Monday, April 25, 2011

Talley murder

We've spent some time digging deeper into the newspaper account of Elias O'Neil's murder in Shreveport. Martin Talley, Jr. shot O'Neil in April of 1871, an act of retribution for O'Neil's murder of Fred Talley, Martin's father. Fred Talley's murder occurred just 8 months earlier, in August of 1870.

Fred Talley has a violent history of his own, with the Ouachita Telegraph reporting on Talley's killing of EB Huff in November of 1866. "The difficulty originated at a gaming table." Fred Talley had nine children, but his third daughter, Lou, died at age 9 on August 10, 1870, just 7 days before Talley was fatally shot by O'Neil. Talley's wife, Elizabeth M. Fite, was left to raise her remaining 8 children alone.

According to the memorial obituary for 39 year-old Talley placed in the Southwestern on 24 August 1870, "Though fearless and calmly resolute in danger, it could never be said of him that he was a quarrelsome man; and it was a source of consolation to him in his last moments to know that he had received his death wound while acting the peacemaker."

Elias O'Neil, was confined upon the charge of killing Talley, but was supposedly too unwell to be brought into court right away. The Southwestern reports that "in the difficulty, he was several times struck on the head by a large walking cane, and as erysipelas [infection] has supervened, his physicians regard him in a somewhat critical condition." This diagnosis did not stop the trial and on the 30th of August, O'Neal was "brought before Judge Levisee to undergo a preliminary examination upon an application for bail."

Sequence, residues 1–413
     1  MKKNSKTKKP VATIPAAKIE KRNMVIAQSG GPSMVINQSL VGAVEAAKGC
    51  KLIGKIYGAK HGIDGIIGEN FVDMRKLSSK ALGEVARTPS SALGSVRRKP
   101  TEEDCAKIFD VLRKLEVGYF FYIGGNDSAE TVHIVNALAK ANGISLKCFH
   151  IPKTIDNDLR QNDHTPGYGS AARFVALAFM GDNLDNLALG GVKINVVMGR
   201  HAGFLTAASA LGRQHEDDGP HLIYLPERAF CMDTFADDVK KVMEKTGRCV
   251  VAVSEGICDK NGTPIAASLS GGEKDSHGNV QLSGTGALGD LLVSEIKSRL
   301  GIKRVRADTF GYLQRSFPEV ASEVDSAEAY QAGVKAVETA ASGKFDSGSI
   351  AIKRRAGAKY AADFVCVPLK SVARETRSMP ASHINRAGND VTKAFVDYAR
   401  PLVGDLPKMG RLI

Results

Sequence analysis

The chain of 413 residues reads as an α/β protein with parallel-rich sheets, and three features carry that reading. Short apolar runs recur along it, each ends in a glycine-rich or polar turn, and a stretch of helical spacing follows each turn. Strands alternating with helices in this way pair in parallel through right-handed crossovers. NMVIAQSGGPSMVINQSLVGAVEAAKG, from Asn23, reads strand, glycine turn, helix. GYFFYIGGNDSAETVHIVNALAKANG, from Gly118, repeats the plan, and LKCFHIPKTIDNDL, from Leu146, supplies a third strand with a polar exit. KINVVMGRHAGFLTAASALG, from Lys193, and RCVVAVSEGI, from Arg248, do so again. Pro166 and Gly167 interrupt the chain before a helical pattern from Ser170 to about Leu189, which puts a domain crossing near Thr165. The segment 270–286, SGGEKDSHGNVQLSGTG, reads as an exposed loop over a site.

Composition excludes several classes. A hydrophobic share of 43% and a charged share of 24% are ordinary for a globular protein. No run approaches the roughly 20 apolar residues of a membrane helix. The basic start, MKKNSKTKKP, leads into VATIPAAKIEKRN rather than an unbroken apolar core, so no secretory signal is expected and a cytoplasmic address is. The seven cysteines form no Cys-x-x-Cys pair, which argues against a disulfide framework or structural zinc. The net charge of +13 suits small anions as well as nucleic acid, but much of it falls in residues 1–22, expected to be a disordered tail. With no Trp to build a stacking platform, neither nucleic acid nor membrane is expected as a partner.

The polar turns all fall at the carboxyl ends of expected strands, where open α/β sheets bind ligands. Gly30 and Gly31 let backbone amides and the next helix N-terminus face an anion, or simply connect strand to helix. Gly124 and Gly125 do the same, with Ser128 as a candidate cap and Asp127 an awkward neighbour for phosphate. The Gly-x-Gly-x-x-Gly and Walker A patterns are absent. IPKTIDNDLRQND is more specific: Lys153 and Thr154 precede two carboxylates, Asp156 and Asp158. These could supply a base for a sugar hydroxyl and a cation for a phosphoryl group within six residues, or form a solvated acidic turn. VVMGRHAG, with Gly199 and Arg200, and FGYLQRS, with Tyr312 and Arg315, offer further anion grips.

According to the Southwestern's 7 Sept 1870 article, within the week, "the application to be admitted to bail by Mr. Elias O'Neal, charged with murder in killing Mr. FW Tally, was finally argued yesterday, the examination of witnesses having occupied three days. The arguments of cuonsel, pro et con, were able and exhaustive, though not so ornate and flowery as usual, being limited in time. After a lengthy, impartial, and thorough investigation, Judge Levisee decided that the accused be admitted to bail in the sum of $20,000."

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